Results
Hours of care, age, and gender predicted caregivers' outcomes directly or through perceived caregiver stress (p < .01). Depression mediated the relationship between perceived stress and psychological outcomes and explained 40% and 11% of the variance in self-esteem and marital satisfaction, respectively.
Conclusion
Depression predicted psychological outcomes. Whether depression predicts physical health outcomes needs to be further explored.
doi:10.1186/1472-6955-4-3
PMCID: PMC554787  PMID: 15725346
7.  The effects of long-term total parenteral nutrition on gut mucosal immunity in children with short bowel syndrome: a systematic review 
BMC Nursing  2005;4:2.
Background
Short bowel syndrome (SBS) is defined as the malabsorptive state that often follows massive resection of the small intestine. Most cases originate in the newborn period and result from congenital anomalies. It is associated with a high morbidity, is potentially lethal and often requires months, sometimes years, in the hospital and home on total parenteral nutrition (TPN). Long-term survival without parenteral nutrition depends upon establishing enteral nutrition and the process of intestinal adaptation through which the remaining small bowel gradually increases its absorptive capacity. The purpose of this article is to perform a descriptive systematic review of the published articles on the effects of TPN on the intestinal immune system investigating whether long-term TPN induces bacterial translocation, decreases secretory immunoglobulin A (S-IgA), impairs intestinal immunity, and changes mucosal architecture in children with SBS.
Methods
The databases of OVID, such as MEDLINE and CINAHL, Cochran Library, and Evidence-Based Medicine were searched for articles published from 1990 to 2001. Search terms were total parenteral nutrition, children, bacterial translocation, small bowel syndrome, short gut syndrome, intestinal immunity, gut permeability, sepsis, hyperglycemia, immunonutrition, glutamine, enteral tube feeding, and systematic reviews. The goal was to include all clinical studies conducted in children directly addressing the effects of TPN on gut immunity.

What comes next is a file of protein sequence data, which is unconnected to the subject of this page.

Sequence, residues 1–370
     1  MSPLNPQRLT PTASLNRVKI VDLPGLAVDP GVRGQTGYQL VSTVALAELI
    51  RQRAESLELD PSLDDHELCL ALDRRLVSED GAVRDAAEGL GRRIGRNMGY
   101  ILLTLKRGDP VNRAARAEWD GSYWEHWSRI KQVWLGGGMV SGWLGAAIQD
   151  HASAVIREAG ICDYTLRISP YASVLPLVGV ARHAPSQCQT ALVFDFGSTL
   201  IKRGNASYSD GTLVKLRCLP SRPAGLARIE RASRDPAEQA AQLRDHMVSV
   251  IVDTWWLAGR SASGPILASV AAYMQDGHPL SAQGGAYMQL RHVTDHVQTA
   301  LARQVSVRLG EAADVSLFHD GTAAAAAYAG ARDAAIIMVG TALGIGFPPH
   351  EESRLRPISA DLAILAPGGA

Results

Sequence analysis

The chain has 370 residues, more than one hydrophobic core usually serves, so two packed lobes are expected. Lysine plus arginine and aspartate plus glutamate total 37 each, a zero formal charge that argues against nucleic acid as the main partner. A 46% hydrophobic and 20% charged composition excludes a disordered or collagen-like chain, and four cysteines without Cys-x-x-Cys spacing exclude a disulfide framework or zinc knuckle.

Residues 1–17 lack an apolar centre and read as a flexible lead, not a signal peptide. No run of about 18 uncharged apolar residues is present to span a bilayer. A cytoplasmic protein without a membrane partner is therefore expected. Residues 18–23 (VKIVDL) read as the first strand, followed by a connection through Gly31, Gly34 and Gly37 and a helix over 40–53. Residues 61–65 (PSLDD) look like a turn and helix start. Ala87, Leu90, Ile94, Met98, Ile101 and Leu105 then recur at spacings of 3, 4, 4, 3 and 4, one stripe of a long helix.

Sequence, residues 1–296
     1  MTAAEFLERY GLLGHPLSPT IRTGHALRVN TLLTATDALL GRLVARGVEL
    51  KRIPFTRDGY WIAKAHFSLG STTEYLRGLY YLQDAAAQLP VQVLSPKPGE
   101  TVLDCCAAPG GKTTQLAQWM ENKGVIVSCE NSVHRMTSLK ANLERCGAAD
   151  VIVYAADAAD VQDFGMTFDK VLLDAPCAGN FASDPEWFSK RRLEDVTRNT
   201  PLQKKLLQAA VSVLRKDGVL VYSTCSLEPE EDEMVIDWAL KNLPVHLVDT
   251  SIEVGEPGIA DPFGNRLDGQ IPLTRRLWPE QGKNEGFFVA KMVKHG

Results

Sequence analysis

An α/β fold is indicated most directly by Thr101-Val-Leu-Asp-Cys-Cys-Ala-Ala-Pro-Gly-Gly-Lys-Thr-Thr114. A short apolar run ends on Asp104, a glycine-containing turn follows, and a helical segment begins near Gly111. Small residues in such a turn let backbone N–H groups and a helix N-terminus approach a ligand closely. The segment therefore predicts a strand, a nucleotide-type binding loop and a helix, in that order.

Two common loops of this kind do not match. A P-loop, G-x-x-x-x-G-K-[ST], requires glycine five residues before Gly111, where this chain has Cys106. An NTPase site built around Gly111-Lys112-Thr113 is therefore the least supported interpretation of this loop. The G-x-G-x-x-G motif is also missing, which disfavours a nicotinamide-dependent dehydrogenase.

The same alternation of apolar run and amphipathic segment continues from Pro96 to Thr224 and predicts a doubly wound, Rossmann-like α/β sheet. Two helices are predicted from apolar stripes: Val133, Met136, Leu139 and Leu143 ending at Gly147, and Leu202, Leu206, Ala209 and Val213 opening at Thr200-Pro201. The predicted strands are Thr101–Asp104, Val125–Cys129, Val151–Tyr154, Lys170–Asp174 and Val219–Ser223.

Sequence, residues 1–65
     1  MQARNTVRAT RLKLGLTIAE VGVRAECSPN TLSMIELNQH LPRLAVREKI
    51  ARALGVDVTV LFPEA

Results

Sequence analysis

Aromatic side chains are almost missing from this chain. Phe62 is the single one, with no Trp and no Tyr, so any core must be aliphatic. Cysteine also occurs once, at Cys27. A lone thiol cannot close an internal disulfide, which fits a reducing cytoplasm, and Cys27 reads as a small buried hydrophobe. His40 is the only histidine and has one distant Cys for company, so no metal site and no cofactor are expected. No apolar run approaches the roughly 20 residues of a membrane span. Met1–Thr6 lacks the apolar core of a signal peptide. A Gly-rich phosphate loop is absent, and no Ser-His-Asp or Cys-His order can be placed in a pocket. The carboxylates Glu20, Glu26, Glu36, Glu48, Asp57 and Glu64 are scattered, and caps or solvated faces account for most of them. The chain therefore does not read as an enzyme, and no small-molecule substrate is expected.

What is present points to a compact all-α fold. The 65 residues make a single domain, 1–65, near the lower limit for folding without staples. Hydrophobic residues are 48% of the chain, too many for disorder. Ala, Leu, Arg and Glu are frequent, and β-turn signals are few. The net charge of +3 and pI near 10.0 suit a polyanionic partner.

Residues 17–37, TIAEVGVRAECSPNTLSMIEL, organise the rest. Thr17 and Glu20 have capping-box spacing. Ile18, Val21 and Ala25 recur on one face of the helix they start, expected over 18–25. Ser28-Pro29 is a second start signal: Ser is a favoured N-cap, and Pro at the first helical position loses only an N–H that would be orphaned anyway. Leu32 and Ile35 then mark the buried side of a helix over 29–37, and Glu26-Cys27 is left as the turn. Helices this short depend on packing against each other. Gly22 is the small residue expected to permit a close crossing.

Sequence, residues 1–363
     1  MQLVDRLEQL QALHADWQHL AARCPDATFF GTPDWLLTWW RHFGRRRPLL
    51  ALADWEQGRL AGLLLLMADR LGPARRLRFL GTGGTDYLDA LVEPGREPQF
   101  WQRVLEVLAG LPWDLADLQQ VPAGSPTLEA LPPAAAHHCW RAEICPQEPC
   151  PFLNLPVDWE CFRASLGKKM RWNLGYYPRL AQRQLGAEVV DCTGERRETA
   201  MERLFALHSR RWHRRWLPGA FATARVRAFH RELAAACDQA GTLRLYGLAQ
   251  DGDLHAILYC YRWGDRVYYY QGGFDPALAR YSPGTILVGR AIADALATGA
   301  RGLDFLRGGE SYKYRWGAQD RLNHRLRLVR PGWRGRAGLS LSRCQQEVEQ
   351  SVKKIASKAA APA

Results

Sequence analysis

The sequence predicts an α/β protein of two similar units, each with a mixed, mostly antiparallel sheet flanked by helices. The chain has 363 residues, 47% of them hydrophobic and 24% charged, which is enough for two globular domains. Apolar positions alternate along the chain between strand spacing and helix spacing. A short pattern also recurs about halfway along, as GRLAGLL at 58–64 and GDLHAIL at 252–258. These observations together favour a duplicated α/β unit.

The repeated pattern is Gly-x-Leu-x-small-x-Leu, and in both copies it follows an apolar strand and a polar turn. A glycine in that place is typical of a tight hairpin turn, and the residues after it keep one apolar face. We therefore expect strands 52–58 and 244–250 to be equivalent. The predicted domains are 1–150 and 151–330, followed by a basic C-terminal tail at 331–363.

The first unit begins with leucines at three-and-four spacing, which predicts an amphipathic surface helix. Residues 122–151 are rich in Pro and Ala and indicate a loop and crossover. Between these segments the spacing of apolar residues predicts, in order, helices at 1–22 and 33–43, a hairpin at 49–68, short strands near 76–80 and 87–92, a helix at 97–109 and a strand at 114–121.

Results
A total of 13 studies were identified. These 13 studies included a total of 414 infants and children between the ages approximately 4 months to 17 years old, and 16 healthy adults as controls; and they varied in design and were conducted in several disciplines. The results were integrated into common themes. Five themes were identified: 1) sepsis, 2) impaired immune functions: In vitro studies, 3) mortality, 4) villous atrophy, 5) duration of dependency on TPN after bowel resection.
Conclusion
Based on this exhaustive literature review, there is no direct evidence suggesting that TPN promotes bacterial overgrowth, impairs neutrophil functions, inhibits blood's bactericidal effect, causes villous atrophy, or causes to death in human model.
The hypothesis relating negative effects of TPN on gut immunity remains attractive, but unproven. Enteral nutrition is cheaper, but no safer than TPN. Based on the current evidence, TPN seems to be safe and a life saving solution.
doi:10.1186/1472-6955-4-2
PMCID: PMC549542  PMID: 15686591
8.  Managing change in the nursing handover from traditional to bedside handover – a case study from Mauritius 
BMC Nursing  2005;4:1.
Background
The shift handover forms an important part of the communication process that takes place twice within the nurses' working day in the gynaecological ward. This paper addresses the topic of implementing a new system of bedside handover, which puts patients central to the whole process of managing care and also addresses some of the shortcomings of the traditional handover system.
Methods
A force field analysis in terms of the driving forces had shown that there was dissatisfaction with the traditional method of handover which had led to an increase in the number of critical incidents and complaints from patients, relatives and doctors. The restraining forces identified were a fear of accountability, lack of confidence and that this change would lead to more work. A 3 – step planned change model consisting of unfreezing, moving and refreezing was used to guide us through the change process. Resistance to change was managed by creating a climate of open communication where stakeholders were allowed to voice opinions, share concerns, insights, and ideas thereby actively participating in decision making.
Results
An evaluation had shown that this process was successfully implemented to the satisfaction of patients, and staff in general.
Conclusion
This successful change should encourage other nurses to become more proactive in identifying areas for change management in order to improve our health care system.
doi:10.1186/1472-6955-4-1
PMCID: PMC548693  PMID: 15676078

Results 1-8 (8)